Psychology is divided into varying approaches. In this article I will be concentrating on three main psychological perspectives. Firstly, I will be looking at the Behaviourist approach. I will focus on Classical and Operant Conditioning. This will show how it is suggested that we are shaped by our environment and that different kinds of reinforcement can influence how we behave. Secondly, I will be looking at the Biological approach. This approach suggests that our behaviour is a product of our genes and behaviour is often inherited. Finally, I will be explaining the Cognitive Approach. This approach stems from belief that before we can understand behaviour we must be able to understand the human thought process.
The behaviourist approach states that we are a product of our environment and our behaviour is shaped from birth. If positive or negative behaviour is rewarded, it is likely to be repeated. If it receives negative reinforcement such as punishment, it is less likely to be repeated. The behaviourist approach is made up of two main perspectives classical and operant conditioning. Classical conditioning involves learning through association, whereas operant conditioning is learning through consequences.
Classical conditioning involves learning through association between two stimuli that occur at the same time. Therefore the response of one stimuli becomes associated with the other. Such as being trapped in a lift. Being trapped would be the unconditioned stimulus and the lift would be the neutral stimulus. The anxiety of being trapped is the unconditioned response. The unconditioned response of feeling anxiety would then be associated with the lift. Thus, creating the conditioned response of anxiety when entering the now conditioned stimulus of the lift.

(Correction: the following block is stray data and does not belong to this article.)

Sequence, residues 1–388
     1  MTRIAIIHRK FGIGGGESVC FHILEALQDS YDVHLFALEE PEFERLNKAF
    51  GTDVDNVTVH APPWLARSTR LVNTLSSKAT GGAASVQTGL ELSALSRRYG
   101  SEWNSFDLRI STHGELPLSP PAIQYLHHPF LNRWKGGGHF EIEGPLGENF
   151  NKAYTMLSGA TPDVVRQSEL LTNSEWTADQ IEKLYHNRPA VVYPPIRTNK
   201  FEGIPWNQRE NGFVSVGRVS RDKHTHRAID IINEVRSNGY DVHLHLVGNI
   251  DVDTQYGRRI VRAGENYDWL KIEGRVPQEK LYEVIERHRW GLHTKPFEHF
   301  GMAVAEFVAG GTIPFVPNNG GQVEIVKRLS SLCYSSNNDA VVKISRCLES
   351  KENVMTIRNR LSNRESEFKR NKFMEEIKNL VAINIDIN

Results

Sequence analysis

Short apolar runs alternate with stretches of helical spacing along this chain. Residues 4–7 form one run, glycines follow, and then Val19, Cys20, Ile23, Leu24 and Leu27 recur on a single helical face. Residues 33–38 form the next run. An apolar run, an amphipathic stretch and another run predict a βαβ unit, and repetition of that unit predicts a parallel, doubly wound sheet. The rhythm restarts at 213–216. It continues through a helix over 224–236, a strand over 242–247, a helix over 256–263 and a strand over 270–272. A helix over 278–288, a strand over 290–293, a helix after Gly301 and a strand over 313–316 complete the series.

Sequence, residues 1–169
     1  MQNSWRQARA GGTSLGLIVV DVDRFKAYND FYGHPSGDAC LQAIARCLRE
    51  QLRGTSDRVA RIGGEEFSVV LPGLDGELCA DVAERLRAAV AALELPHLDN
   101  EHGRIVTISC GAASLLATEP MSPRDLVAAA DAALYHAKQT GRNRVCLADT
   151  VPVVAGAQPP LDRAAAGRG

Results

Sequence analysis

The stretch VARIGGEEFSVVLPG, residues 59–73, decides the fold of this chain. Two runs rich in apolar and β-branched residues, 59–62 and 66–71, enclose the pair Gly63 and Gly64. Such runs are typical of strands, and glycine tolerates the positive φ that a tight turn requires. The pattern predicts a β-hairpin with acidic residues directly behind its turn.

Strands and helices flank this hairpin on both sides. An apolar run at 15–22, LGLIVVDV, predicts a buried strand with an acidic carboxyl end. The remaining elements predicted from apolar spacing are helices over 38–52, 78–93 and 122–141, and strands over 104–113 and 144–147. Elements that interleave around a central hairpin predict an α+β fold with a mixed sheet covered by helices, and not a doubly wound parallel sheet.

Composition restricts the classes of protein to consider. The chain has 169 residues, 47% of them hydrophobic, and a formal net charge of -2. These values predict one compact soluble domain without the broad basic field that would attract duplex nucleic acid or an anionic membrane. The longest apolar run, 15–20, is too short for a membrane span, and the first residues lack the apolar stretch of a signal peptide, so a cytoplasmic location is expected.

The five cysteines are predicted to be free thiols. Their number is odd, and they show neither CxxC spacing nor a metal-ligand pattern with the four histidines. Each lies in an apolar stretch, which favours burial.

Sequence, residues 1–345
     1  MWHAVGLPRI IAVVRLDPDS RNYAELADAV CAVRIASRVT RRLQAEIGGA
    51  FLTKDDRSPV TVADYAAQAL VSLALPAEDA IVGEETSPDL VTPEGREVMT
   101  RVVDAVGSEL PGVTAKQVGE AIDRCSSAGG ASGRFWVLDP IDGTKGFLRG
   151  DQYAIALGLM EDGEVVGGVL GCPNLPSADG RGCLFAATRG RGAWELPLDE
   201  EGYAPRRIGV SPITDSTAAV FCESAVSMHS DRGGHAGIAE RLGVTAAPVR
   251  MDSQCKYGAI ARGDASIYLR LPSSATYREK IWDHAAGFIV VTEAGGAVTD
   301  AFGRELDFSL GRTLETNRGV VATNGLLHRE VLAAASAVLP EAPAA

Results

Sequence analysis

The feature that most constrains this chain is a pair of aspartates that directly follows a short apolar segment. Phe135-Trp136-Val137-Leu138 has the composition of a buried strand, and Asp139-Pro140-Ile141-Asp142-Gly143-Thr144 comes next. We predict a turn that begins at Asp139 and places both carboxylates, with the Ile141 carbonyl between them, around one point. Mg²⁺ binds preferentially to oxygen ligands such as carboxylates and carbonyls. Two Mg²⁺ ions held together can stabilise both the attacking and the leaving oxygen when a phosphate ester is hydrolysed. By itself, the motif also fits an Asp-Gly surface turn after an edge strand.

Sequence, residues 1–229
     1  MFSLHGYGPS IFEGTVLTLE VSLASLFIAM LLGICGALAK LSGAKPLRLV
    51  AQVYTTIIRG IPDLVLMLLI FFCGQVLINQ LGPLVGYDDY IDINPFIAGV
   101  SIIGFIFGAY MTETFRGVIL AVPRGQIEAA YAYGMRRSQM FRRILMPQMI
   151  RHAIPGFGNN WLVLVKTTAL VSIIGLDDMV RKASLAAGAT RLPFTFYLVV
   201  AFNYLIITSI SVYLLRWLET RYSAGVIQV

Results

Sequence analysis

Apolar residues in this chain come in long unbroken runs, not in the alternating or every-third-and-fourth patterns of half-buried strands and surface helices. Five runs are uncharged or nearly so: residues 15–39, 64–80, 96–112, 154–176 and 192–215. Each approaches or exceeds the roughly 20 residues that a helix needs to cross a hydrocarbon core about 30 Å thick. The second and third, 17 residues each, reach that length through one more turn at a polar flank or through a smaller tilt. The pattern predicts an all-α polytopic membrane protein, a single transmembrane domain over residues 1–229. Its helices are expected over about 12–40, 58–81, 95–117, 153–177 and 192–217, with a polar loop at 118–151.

Pavlov (1927) noticed that when food was brought to dogs, there would be the unconditioned response of salivating. Pavlov wondered if pairing a neutral stimulus such as a bell with the unconditioned stimulus of the food could create the conditioned response of salivating on hearing of a bell. Pavlov noted that after a while the ringing of the bell alone would cause the reflex of salivating. The salivating became a conditioned response and the bell the conditioned stimulus. Although the test was successful this study is limited due to it being conducted on animals.
Operant conditioning is the theory that behaviour is conditioned as the result of consequences to behaviour. The idea of positive reinforcement is used to strengthen desired behaviour such as being rewarded with a positive stimulus (such as sweets) for good behaviour making the behaviour more likely to occur in the future. Negative reinforcement is used to weaken undesired behaviour by stopping an unpleasant experience. Being told off is the unpleasant stimulus, so to avoid this desired behaviour is conducted, thus reinforcing this behaviour. Negative reinforcement involves someone behaving in a certain way in order to avoid a negative consequence. Skinner (1938) carried out an investigation of operant conditioning using rats. He would put the rats in a box. When the rat pressed a lever, the rat would receive food pellet. This reinforced the behaviour in the rat, making it more likely to press the lever in the future. Again this study is limited due to it being conducted on animals and the same may not apply to human behaviour.
Social learning theory is an extension of the behaviourist approach. Social learning is defined as learning from others. It suggests not only are we shaped by our own experiences like classical and operant conditioning we are also shaped by seeing the consequences of the actions of people around us. Behaviour that is seen as being rewarded is imitated. Imitation is more likely to occur of people we look up to or are similar to us.
Bandura (1961) conducted a study on children. The ‘Bo-Bo doll’ experiment involved two groups of